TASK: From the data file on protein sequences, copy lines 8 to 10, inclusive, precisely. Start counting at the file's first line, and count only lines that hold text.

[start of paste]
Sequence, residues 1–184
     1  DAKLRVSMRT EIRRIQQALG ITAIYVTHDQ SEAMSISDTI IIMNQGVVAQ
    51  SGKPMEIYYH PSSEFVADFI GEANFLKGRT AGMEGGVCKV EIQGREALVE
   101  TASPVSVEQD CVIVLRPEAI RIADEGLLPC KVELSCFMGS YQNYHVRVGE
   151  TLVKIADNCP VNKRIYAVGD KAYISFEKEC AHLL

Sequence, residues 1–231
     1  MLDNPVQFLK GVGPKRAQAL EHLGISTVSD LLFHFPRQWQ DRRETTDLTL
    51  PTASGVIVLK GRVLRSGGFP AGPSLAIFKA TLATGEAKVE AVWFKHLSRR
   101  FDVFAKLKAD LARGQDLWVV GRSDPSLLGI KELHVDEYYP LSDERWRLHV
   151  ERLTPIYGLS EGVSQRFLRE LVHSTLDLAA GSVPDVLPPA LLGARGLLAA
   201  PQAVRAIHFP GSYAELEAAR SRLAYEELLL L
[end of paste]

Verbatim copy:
    51  PTASGVIVLK GRVLRSGGFP AGPSLAIFKA TLATGEAKVE AVWFKHLSRR
   101  FDVFAKLKAD LARGQDLWVV GRSDPSLLGI KELHVDEYYP LSDERWRLHV
   151  ERLTPIYGLS EGVSQRFLRE LVHSTLDLAA GSVPDVLPPA LLGARGLLAA